Marriage is an exclusive club. Marriage is a two-person arrangement, leaving out all other parties. This is why wedding vows often include the phrase, “forsaking all others.” Boundaries in marriage are meant to create a safe place for one’s soul; third parties can become disruptive to this safety.
Our love often gets segmented into other places. This problem, called triangulation, is one of the great enemies of good marriages. Triangulation occurs when one spouse brings in a third party for an unhealthy reason. A “triangle” is created when, for example, a wife (Person A) goes to a friend (Person C) for something that she should go to her husband (Person B) for. Or in a family setting, a sibling (Person A) calls you (Person C) to talk about “Mom’s problem,” without first talking to Mom (Person B). Here are some examples of triangulation that occur in marriage:
• A wife talks to her best friend about her unhappiness with her husband, but doesn’t let him know her feelings.
• A husband confides to his secretary that his wife doesn’t understand him.
• One spouse makes their child a confidant, becoming closer to the child than to her mate.
• A husband is more invested in his parents than in his wife.
In all these examples, a spouse is taking a part of his heart away from his mate and bringing it to an outside source. This is not only painful, but also unjust. It works against what God intended to develop in marriage—the mysterious unity that brings the couple closer to each other in ever-deepening ways. Triangulation betrays trust and fractures the union.
This is why God is so adamant about honest, direct relationships. He hates the deception and indirectness of triangulation. Gossip, for example, is a form of triangulation. The person who gossips (Person A) relates something about Person B to Person C behind B’s back, and “a gossip separates close friends” (Proverbs 16:28). God tells us to speak the truth in love (Ephesians 4:15).
If you happen to be Person C—the one in the middle of two spouses—you may think you are helping the couple. In truth, we all need people to confide in us. But if you are involved in two people moving farther apart, you are being destructive in spite of your good intentions. You may need to tell the person coming to you, “Kathleen, these are hurtful problems between you and Dan. I feel for your struggle and want to support you. But until you are going to him first with these issues, I feel I’m a party to gossip and deception. Will you talk to him about it, and then let me know how I can help?” Remember that “he who conceals his hatred has lying lips, and whoever spreads slander is a fool” (Proverbs 10:18). Don’t be either the person in the middle or the one going outside of your marriage in unsafe ways.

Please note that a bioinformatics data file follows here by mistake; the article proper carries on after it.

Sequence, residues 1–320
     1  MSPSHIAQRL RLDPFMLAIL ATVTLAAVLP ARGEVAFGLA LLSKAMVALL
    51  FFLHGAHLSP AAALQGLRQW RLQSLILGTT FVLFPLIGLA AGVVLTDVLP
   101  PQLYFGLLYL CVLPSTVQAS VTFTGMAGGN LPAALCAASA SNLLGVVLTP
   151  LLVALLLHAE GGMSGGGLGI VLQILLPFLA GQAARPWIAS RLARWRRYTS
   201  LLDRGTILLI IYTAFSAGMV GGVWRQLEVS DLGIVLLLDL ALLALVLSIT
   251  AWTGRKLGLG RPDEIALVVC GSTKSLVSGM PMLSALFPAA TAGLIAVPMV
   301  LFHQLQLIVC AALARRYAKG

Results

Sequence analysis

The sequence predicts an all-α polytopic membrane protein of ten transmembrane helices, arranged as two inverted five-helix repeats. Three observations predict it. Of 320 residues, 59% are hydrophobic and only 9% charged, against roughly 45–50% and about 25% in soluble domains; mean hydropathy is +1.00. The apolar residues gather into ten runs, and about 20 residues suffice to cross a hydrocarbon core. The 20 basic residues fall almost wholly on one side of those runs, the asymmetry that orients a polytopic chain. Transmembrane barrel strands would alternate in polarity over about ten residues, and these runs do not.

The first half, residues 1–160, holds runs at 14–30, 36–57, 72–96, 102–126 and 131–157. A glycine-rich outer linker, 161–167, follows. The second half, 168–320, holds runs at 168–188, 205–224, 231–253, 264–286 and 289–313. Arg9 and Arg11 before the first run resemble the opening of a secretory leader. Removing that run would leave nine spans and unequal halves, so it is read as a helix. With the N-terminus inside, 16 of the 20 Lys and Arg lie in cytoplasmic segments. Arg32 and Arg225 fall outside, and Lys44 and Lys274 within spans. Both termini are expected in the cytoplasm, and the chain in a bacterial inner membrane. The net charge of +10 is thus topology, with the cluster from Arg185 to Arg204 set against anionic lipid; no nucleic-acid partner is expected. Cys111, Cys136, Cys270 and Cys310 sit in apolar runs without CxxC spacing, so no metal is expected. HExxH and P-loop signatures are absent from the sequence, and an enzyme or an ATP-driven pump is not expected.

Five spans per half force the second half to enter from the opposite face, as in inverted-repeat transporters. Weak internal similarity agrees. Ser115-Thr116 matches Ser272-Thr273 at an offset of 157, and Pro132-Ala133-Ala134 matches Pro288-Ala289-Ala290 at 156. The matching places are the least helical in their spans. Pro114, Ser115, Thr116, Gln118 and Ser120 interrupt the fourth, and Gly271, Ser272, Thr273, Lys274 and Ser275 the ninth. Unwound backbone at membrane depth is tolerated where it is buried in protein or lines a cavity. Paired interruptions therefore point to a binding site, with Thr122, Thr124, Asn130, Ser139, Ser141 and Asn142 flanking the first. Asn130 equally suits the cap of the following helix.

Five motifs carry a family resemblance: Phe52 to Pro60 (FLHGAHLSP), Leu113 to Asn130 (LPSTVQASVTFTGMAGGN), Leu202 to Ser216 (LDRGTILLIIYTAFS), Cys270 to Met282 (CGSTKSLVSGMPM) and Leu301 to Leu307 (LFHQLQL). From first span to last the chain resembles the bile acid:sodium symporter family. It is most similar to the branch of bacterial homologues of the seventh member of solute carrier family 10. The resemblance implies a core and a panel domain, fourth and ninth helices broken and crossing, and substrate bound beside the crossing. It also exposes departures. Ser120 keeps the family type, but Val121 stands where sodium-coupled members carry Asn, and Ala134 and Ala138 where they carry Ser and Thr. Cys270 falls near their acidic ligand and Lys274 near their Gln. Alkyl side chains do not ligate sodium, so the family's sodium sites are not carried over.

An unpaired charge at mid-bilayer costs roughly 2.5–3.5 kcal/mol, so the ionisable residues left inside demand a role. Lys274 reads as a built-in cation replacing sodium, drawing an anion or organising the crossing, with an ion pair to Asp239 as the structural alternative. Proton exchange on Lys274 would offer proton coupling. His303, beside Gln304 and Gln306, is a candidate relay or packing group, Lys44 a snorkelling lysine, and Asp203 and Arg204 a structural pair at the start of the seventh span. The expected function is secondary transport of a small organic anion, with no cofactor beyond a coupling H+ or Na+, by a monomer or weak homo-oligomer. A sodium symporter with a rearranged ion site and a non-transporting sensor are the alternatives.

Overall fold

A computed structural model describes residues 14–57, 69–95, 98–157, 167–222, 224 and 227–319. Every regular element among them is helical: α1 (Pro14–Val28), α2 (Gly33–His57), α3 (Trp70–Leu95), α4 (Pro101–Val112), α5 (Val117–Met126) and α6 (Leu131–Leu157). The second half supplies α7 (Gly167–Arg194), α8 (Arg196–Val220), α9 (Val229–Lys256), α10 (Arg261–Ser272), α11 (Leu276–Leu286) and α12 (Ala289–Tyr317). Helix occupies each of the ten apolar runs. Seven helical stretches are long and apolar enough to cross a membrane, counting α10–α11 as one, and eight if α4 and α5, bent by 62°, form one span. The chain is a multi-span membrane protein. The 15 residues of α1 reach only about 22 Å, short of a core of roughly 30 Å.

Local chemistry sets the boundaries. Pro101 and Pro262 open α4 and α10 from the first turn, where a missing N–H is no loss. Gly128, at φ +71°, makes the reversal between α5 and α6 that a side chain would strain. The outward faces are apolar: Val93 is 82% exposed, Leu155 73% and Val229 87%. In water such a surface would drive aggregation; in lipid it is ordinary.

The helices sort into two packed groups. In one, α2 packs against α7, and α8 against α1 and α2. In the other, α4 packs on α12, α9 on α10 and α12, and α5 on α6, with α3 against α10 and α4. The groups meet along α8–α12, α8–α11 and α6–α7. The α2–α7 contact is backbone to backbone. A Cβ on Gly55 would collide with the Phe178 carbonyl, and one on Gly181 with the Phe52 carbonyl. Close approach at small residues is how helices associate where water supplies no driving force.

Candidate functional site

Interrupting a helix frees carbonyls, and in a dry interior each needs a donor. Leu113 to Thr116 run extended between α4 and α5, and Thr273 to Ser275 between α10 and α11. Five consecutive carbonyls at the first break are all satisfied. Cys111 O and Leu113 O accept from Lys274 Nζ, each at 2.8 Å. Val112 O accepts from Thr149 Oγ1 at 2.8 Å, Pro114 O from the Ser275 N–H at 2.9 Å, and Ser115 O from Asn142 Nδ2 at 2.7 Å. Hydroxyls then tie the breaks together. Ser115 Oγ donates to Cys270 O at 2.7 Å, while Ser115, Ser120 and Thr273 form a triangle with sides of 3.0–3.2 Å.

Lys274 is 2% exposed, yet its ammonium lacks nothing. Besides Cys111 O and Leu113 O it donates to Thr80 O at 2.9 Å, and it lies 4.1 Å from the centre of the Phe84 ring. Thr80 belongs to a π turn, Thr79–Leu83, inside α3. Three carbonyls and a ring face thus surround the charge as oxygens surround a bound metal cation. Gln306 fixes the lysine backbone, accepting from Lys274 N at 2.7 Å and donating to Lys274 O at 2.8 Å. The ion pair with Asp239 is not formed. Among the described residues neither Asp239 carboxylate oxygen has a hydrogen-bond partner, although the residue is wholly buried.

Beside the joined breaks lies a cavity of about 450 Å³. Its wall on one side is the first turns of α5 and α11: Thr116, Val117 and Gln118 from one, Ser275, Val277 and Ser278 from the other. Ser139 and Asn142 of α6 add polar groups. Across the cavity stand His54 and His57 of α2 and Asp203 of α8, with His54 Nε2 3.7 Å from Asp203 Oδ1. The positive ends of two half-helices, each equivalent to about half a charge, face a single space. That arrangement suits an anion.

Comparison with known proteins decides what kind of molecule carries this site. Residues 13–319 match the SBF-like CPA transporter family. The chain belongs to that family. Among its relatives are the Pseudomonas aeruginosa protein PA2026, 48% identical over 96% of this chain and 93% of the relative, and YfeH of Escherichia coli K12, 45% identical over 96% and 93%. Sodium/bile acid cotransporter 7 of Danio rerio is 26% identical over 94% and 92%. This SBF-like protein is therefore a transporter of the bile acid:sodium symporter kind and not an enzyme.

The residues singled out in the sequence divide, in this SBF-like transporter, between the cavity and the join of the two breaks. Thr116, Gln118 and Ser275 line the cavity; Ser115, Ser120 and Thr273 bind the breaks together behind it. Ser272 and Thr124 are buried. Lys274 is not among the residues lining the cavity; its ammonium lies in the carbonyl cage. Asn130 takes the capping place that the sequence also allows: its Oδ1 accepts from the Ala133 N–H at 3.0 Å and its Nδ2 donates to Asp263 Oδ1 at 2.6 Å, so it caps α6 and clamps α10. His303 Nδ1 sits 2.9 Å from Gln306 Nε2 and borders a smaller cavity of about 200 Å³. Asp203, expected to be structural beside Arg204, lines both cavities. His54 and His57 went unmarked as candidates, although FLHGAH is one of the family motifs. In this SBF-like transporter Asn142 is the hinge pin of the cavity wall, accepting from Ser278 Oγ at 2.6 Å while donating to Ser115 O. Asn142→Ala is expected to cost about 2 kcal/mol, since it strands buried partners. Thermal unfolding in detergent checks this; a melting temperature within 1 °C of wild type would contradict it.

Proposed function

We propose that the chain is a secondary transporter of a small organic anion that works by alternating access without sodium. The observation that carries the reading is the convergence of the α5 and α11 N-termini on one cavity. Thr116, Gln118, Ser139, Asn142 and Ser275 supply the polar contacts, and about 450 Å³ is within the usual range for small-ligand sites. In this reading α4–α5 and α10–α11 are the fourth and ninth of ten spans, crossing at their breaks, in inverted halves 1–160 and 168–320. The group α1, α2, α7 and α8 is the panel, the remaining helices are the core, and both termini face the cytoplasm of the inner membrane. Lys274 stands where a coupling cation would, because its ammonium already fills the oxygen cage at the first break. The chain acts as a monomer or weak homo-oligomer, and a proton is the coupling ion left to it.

Married love requires a great deal of safety for intimacy to grow. Marriage brings out the most vulnerable, fragile parts of us. And these vulnerable parts need a warm, grace-filled, and secure environment in which to grow. If a third party threatens this, those fragile parts cannot be safe enough to emerge, connect, and develop. A wife who has trouble learning to trust others, for example, will have great difficulty investing in her husband if he is kinder to other people than to her or if he discusses with friends what she shares in private with him.
In addition, marriage is designed to mature us. Living in such close proximity for so long with another person helps us come out of our isolation and self-centeredness. But it takes a great deal of work to grow in this context. You can be real with your colleagues and friends, but if you want to get the scoop on what someone is really like, the first person to ask is the spouse. The very exclusivity of marriage is like an oven: there’s a lot of heat, and you can’t always escape when you’d like to. But this heat can help us grow, also. The heat, or the pressure of living so closely with someone else, can help us face our weaknesses and work on them.
Learn new ways to make your marriage the best it can be, read Boundaries in Marriage.
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